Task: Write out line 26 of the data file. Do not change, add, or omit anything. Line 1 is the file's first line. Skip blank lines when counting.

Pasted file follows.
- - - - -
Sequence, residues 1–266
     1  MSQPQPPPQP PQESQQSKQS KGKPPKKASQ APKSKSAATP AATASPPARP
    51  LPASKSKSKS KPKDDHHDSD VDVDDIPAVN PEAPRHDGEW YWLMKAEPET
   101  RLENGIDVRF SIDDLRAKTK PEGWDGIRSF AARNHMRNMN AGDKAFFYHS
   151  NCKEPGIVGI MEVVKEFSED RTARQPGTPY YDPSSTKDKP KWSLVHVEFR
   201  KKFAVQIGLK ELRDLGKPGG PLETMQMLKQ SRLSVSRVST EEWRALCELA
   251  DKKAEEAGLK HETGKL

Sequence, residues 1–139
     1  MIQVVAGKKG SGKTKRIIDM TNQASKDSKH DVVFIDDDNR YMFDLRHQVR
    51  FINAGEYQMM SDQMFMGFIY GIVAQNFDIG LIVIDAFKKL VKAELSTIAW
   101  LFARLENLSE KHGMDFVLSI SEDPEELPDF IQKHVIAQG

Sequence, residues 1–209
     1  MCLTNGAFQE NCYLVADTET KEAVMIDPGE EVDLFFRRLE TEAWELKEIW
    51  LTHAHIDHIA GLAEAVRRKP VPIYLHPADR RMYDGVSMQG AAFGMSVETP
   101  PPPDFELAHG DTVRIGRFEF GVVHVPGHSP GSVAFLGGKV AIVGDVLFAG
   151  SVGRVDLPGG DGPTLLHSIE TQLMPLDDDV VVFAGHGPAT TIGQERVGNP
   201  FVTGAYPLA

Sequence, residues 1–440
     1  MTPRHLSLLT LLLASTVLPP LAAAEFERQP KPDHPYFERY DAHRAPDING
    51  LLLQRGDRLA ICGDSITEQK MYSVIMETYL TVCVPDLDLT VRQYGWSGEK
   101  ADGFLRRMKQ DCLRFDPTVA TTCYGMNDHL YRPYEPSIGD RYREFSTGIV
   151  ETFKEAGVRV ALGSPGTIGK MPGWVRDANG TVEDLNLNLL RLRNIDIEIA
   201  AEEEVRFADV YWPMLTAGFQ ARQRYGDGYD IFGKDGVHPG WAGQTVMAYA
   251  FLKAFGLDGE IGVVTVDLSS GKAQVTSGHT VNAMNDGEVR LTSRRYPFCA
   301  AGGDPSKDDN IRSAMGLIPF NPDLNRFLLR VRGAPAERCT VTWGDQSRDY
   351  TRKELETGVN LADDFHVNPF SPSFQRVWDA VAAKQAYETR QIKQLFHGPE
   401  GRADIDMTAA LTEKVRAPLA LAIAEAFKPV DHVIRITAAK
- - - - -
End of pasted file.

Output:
   351  TRKELETGVN LADDFHVNPF SPSFQRVWDA VAAKQAYETR QIKQLFHGPE